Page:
Sadler’s Wells, London
November 30, 2017
Take one Swan Lake. Pick it up and drop it in modern-day Ireland, the backwaters of the Irish Midlands to be precise, a land of lakes where myths and modernity, the old ways and the new, collide. Throw in a fair dollop of critique of the local clergy and politicians and you have Michael Keegan-Dolan’s Swan Lake/Loch na hEala.
It’s a gritty retelling that sees the imprisoned Odette pictured as a young woman sexually abused by her priest, a Rothbart for today. And Siegfried? Not a prince, not even a nobleman, but Jimmy, a withdrawn and psychologically harmed young man left depressed by the death of his father and the decision of his mother to replace the old family home (neatly represented by just three concrete breeze blocks), with all its memories of his father and others, with a new council house.
The audience is greeted with a stripped back stage set with various items, most notably some tall ladders. At its centre is Mikel Murfi, hunched over in his white briefs, tied to two of those concrete blocks, and making increasingly convincing sheep noises. Others drift on: an old grey-haired woman (Jimmy’s mother, Nancy O’Reilly, played by Elizabeth Cameron Dalman) in a wheelchair, a scruffy young man (the wonderful Alexander Leonhartsberger as Jimmy), some young women in white. All stare blankly out.
Pretty soon, Murfi is released and beaten with red towels by three men in religious dress. Dressed, how he’s ready to act as narrator, although “not until I’ve “had a cup of tea…and another cigarette. If you don’t mind.” Swan Lake/Loch na hEala may be dark but it’s not without humour.
Theatre, storytelling, contemporary and folk dance all come together to tell a story that soon gets you well and truly hooked. There is a lot of swearing, a lot of smoking and, one senses, a lot of anger, not only in the story but from Keegan-Dolan too.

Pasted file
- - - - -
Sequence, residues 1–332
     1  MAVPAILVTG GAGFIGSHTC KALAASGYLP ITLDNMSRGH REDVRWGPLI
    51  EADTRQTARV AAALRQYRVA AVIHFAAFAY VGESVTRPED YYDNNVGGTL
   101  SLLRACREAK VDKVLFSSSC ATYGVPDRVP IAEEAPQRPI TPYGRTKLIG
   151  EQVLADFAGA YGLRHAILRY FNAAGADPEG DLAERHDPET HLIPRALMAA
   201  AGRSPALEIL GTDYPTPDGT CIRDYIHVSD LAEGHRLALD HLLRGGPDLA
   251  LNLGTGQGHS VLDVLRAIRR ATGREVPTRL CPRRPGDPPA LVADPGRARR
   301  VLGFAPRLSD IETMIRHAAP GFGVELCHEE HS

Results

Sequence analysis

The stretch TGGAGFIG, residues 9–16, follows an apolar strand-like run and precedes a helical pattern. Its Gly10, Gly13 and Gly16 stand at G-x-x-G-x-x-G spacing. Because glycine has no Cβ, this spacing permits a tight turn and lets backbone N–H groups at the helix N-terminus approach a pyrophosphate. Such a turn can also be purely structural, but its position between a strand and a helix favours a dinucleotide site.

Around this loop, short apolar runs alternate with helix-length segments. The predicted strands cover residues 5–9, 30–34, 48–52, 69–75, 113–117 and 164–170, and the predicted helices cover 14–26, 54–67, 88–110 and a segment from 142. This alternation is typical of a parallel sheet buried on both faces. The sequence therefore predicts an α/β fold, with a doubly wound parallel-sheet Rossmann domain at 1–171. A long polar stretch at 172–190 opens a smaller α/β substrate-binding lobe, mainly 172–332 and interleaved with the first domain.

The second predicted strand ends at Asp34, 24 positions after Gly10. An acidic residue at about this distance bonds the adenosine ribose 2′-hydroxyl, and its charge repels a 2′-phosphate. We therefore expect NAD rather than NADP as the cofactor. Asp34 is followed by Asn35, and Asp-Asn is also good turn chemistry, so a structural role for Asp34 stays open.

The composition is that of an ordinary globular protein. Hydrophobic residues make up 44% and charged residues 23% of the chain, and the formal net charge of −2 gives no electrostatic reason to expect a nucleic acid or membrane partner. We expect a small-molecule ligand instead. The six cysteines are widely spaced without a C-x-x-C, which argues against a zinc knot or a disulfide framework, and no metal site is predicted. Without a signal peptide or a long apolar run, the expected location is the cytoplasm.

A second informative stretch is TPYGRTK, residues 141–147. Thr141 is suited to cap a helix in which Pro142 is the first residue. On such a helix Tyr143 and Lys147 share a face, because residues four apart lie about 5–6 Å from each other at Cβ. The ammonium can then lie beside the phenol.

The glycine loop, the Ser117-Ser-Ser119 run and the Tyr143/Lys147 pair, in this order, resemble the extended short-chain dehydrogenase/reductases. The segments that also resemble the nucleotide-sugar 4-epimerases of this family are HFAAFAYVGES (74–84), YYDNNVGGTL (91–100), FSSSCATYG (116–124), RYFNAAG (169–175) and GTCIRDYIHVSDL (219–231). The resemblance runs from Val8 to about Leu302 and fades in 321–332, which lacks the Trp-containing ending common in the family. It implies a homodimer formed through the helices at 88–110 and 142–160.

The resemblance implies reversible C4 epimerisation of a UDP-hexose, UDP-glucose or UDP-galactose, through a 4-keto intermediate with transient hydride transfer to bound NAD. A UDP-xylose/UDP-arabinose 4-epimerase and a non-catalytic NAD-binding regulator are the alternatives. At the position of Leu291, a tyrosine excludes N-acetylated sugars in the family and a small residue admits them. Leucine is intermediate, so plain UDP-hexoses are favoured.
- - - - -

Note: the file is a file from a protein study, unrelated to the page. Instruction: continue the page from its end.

Supporting everything are the superb live musicians too, who keep up steady stream of traditional Irish and Nordic folk seasoned with the odd contemporary influence.
For a while you wonder just where any connection to Swan Lake is but as the story meanders along, it starts to become apparent. Jimmy’s mother would like him to wed, but wonders why he can’t find a bride. Jimmy himself, meanwhile, goes to the lake where he meets four swans, women who have been turned into the birds. The story relates to the Irish myth The Children of Lir, here, although Keegan-Dolan has the deed done by an abusive priest rather than a servant. Now it all becomes clear.
There’s more humour at Jimmy’s birthday party. His shrieking, laughing mother has invited every eligible female around, although they are portrayed by the men of the company, complete with little party hats. Jimmy, of course, has fallen in love with a swan, Finola.
I won’t give the end of the story away, but the show as a whole has an unexpected coda that sees the cast dancing amid a storm of white feathers, more than a few of which find their way into the front rows. It’s an oddly upbeat end to the darkness and despair of the seventy minutes that goes before.